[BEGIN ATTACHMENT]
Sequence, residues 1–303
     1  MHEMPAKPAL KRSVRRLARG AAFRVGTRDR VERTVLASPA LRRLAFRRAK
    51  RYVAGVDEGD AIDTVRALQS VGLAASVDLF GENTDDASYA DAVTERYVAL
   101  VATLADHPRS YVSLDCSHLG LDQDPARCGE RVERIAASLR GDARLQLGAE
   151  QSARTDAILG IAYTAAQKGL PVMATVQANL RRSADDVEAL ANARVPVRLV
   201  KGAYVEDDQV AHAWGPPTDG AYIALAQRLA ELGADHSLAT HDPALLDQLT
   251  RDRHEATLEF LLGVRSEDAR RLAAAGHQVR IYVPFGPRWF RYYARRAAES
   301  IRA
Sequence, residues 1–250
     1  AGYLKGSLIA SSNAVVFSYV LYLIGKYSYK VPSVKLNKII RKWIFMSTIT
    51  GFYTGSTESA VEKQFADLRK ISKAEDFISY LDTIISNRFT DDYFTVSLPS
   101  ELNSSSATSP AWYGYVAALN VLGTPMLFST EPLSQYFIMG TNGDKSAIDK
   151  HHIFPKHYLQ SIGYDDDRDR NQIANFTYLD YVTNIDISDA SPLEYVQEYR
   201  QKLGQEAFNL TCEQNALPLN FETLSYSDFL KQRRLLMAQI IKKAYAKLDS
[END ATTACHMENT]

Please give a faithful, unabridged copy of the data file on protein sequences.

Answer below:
Sequence, residues 1–303
     1  MHEMPAKPAL KRSVRRLARG AAFRVGTRDR VERTVLASPA LRRLAFRRAK
    51  RYVAGVDEGD AIDTVRALQS VGLAASVDLF GENTDDASYA DAVTERYVAL
   101  VATLADHPRS YVSLDCSHLG LDQDPARCGE RVERIAASLR GDARLQLGAE
   151  QSARTDAILG IAYTAAQKGL PVMATVQANL RRSADDVEAL ANARVPVRLV
   201  KGAYVEDDQV AHAWGPPTDG AYIALAQRLA ELGADHSLAT HDPALLDQLT
   251  RDRHEATLEF LLGVRSEDAR RLAAAGHQVR IYVPFGPRWF RYYARRAAES
   301  IRA
Sequence, residues 1–250
     1  AGYLKGSLIA SSNAVVFSYV LYLIGKYSYK VPSVKLNKII RKWIFMSTIT
    51  GFYTGSTESA VEKQFADLRK ISKAEDFISY LDTIISNRFT DDYFTVSLPS
   101  ELNSSSATSP AWYGYVAALN VLGTPMLFST EPLSQYFIMG TNGDKSAIDK
   151  HHIFPKHYLQ SIGYDDDRDR NQIANFTYLD YVTNIDISDA SPLEYVQEYR
   201  QKLGQEAFNL TCEQNALPLN FETLSYSDFL KQRRLLMAQI IKKAYAKLDS